Just an hour before Donald Trump took the presidential oath of office, there were reports in the capital of protesters being pepper-sprayed and fleeing as police officers tried to corral them. Two officers were injured in the melee and 95 were arrested.
Tweets from D.C. showed people smashing windows at a Bank of America location, and a Starbucks was vandalized at the intersection of 13th Street and I Street. It was unclear who was doing the damage, and the identities of alleged vandals weren't released. But police called them an "organized group" with the sole purpose of destroying property with "crowbars, hammers and asps" about a mile away from the National Mall.
"Two officers have been injured related to vandalism and destruction of property, and 95 arrests made at this point," Lt. Sean Conboy of the Metropolitan Police Department told HuffPost.
Police were seen spraying liquid at protesters ― several reported getting pepper-sprayed on Twitter ― as the expectation of peace at the D.C. protests began to crumble. By the afternoon, smoke and explosions were seen amid a chaotic scene between demonstrators and police.
As Trump made his way down the inaugural parade route, a limousine was set ablaze on 13th and K streets nearby, according to NBC News. Police confirmed that they used pepper spray, batons and other crowd-control methods to disperse protesters, but maintained that no tear gas was used.
"It's a bunch of anarchists," said one Secret Service agent. "Fun times. It's what we expected."
Two women were wiping the pepper spray out of a man's eyes at 13th and L Streets NW, as tears poured down his cheeks. "No media!" they shouted.
There were moments of levity, if perhaps unintentional. "They can't arrest all of us!" shouted one protester clad in all black. His colleagues around him burst out laughing. "Of course they can," one said.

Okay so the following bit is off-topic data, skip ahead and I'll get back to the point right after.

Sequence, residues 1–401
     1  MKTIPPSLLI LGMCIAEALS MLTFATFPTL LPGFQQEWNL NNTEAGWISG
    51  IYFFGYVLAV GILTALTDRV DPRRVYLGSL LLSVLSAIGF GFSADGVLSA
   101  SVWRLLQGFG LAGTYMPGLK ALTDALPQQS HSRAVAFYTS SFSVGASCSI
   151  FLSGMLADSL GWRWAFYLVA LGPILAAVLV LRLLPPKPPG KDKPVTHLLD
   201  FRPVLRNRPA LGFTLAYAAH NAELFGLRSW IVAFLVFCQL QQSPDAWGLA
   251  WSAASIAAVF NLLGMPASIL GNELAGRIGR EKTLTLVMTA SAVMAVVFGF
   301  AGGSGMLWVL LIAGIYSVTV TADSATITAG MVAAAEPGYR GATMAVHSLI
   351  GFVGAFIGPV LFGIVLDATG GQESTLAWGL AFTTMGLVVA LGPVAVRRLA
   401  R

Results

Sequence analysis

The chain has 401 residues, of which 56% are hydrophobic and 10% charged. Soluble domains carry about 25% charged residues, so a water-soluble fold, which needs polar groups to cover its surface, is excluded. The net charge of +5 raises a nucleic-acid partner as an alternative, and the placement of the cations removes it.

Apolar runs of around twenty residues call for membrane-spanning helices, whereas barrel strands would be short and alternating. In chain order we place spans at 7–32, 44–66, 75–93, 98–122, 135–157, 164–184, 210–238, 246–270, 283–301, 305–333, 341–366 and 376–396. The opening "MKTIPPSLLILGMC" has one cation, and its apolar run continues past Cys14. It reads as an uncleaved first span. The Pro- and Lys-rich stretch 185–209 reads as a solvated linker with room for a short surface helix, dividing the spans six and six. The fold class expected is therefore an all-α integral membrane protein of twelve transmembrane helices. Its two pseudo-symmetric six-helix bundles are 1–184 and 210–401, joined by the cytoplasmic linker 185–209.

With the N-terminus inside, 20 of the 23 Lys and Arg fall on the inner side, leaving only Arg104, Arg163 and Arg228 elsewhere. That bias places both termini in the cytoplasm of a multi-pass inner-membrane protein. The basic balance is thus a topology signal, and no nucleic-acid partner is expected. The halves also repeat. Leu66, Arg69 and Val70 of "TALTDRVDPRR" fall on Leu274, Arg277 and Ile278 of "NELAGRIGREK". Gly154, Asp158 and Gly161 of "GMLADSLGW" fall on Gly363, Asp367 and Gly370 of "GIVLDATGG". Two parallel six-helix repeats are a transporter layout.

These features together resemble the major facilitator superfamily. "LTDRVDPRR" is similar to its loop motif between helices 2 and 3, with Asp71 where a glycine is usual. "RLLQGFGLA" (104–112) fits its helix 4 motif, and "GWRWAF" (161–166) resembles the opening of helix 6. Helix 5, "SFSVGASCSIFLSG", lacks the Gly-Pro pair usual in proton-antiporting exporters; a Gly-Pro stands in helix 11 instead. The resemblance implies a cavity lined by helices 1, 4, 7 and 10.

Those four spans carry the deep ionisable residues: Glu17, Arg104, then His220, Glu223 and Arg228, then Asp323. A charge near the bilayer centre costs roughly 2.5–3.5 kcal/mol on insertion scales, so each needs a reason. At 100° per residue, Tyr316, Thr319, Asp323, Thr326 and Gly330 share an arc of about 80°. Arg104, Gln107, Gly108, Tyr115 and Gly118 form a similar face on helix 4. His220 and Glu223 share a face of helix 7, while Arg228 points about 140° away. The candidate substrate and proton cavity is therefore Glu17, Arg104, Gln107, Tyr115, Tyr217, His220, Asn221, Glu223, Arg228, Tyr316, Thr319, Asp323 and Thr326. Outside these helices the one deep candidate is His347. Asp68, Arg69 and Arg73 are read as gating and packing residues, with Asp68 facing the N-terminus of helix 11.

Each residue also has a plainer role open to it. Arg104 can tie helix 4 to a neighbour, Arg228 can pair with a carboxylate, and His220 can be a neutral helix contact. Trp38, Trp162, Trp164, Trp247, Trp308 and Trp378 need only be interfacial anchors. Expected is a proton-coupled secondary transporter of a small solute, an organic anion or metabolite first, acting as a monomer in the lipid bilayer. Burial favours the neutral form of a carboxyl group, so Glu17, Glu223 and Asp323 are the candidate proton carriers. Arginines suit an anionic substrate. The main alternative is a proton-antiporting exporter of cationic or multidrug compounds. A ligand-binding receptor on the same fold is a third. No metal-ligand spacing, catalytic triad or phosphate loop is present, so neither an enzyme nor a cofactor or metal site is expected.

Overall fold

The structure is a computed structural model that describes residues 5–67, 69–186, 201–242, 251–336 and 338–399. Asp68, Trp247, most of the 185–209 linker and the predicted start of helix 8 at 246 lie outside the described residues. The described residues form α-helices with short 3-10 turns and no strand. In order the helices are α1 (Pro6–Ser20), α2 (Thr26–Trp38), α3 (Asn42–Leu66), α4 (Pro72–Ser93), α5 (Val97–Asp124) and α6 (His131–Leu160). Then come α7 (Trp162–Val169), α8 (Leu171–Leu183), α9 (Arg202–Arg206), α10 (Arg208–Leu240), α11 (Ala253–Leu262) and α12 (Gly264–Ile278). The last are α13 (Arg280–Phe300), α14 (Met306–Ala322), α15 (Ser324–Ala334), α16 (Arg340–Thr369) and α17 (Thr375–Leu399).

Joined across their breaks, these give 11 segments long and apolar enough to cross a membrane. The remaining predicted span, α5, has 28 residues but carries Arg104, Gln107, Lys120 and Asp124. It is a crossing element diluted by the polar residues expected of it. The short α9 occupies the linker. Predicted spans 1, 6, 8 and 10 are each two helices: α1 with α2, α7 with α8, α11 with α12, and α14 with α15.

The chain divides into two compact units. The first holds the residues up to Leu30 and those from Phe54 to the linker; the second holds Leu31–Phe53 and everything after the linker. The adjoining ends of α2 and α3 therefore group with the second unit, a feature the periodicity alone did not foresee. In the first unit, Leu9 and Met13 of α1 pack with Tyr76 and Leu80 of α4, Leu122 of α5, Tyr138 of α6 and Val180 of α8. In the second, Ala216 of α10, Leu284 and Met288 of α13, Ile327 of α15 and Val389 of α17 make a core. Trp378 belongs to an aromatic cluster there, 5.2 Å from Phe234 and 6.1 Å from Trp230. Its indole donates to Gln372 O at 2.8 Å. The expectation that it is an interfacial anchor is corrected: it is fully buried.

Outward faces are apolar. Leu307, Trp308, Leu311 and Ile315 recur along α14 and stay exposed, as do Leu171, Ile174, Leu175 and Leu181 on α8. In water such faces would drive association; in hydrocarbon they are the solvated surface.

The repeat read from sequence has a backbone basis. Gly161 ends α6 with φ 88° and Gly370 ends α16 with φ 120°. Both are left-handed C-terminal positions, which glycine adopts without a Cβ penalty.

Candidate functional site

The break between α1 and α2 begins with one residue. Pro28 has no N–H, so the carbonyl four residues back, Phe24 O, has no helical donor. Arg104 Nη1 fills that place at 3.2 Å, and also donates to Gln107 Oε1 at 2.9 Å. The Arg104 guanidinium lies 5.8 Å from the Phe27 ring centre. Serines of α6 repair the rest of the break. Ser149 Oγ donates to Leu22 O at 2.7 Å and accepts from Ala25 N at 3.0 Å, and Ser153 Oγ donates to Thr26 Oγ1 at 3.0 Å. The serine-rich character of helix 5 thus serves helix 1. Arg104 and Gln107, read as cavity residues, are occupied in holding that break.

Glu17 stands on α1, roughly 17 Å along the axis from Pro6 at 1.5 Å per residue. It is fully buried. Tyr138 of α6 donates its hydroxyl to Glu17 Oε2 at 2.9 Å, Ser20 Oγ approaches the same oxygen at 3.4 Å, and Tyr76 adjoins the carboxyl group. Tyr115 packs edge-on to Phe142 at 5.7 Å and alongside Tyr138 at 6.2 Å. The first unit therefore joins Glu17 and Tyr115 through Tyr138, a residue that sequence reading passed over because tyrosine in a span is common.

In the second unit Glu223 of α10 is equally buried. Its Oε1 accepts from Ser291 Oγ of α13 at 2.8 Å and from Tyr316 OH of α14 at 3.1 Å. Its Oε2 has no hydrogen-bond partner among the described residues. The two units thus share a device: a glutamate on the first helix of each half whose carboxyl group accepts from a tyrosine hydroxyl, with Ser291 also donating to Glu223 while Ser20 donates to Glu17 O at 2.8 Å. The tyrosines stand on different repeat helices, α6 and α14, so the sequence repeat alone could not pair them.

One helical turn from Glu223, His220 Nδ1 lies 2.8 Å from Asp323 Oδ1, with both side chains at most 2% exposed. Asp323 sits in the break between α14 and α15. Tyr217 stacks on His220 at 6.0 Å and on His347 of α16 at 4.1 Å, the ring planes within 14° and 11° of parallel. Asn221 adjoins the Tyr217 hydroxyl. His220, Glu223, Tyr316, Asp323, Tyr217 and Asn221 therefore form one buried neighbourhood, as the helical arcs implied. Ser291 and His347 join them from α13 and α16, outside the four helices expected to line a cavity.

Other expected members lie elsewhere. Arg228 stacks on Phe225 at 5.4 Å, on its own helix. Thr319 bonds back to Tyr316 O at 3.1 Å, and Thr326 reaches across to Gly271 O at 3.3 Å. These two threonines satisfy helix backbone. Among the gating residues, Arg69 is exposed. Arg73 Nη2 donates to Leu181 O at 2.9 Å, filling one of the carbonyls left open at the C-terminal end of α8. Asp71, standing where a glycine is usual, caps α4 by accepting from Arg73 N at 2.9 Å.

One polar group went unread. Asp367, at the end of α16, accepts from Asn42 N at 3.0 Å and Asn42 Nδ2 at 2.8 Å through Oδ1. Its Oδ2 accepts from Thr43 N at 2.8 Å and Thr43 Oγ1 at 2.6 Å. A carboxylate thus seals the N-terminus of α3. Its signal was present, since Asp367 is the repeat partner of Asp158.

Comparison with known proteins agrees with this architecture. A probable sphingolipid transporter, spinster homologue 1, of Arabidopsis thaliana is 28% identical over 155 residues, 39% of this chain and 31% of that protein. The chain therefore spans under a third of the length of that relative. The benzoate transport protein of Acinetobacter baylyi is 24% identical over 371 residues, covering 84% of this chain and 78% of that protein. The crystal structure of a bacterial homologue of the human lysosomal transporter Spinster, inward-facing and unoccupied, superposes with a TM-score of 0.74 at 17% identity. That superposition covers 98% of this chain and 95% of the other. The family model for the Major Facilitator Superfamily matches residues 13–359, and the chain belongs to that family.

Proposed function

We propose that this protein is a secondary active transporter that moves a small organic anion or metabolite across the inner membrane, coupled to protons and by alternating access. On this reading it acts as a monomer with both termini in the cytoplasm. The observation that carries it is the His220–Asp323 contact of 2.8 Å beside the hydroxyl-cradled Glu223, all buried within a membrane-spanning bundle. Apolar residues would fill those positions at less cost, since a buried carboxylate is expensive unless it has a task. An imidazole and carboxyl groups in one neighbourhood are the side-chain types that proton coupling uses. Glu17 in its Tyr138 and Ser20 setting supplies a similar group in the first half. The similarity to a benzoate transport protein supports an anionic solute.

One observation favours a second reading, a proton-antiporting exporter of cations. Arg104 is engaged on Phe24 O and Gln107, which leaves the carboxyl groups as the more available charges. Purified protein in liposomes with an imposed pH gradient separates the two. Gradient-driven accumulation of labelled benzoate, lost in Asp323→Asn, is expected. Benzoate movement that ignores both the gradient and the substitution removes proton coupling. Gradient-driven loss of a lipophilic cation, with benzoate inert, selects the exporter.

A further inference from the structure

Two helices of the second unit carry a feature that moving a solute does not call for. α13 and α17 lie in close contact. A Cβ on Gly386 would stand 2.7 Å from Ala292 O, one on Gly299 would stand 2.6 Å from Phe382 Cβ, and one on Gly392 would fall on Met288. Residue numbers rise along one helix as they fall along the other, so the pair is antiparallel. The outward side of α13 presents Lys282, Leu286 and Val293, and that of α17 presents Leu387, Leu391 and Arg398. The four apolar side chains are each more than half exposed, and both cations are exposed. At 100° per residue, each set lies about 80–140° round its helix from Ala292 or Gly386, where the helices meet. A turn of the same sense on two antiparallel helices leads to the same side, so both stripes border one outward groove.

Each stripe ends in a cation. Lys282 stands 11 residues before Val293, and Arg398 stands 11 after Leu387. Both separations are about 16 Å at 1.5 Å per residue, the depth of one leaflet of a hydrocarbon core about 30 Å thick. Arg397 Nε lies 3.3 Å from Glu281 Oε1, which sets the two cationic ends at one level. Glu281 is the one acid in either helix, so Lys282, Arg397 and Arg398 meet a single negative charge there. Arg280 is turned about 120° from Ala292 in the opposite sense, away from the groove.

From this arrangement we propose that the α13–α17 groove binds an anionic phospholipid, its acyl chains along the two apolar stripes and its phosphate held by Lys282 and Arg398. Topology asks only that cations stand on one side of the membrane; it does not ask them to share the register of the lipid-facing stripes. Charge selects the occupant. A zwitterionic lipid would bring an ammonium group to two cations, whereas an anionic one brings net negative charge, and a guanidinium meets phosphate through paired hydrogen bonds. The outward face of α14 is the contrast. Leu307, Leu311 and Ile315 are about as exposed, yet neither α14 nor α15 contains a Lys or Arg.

He explained himself, continuing to shout: "They don't have the plastic handcuffs! They can beat the shit out of us, but they can't arrest all of us!"
There were also peaceful demonstrations across the city. Protesters had any number of grievances with their new president, be it his policies, his Cabinet nominations or his encouragement of violence during the 2016 campaign.
"The man is so vile that regardless of his policies, I couldn't have voted for him," said Mary Lou Dicken, 68, who traveled to Washington from Cumberland, Maryland, with her son. "I don't care what things he was going to offer me. He was such a soulless piece of shit that I wouldn't have voted for him anyway."
Trump supporters at the scene, like Doug Rahm of Bikers for Trump Philadelphia, yelled at protesters to stop complaining.
"Get a job," an Associated Press reporter heard Rahm say. "Stop crying, snowflakes, Trump won."
Meanwhile, in New York, schoolchildren took to the streets of Brooklyn hours before the ceremony to protest.
The third- and fifth-grade students of PS 261 held signs calling for peace and open arms for immigrants. They sang "This Land Is Your Land" and gave speeches inspired by Martin Luther King Jr.
"We do this every year around Martin Luther King Jr. Day," said 8-year-old Micah. "But this year it just happened to occur on Trump's Inauguration Day. We are here to stop hate."
Many more were preparing to head to Trump Tower in Manhattan. Those protests were organized by local politicians to resist Trump's Cabinet nominees and police use of stop and frisk, as well as congressional Republicans' plan to repeal the Affordable Care Act.
Los Angeles was preparing for thousands of protesters downtown. The "United Against Hate-Inauguration March" had garnered more than 15,000 attendees on Facebook.
Throngs of demonstrators gathered at University of California, Berkeley, some of whom had staged a walkout from class at the university and local high schools, they told HuffPost.
The protests on Friday are expected to be small compared to the women's marches on Saturday in D.C., Los Angeles and New York. More than 370 "Sister Marches" are planned across the country, with hundreds of thousands of people expected to attend in D.C. alone.
Andy Campbell and Willa Frej reported from New York City. Ryan Grim and Jessica Schulberg reported from Washington, D.C. Michael Mclaughlin reported from Berkeley, California. Ryan Grenoble contributed reporting.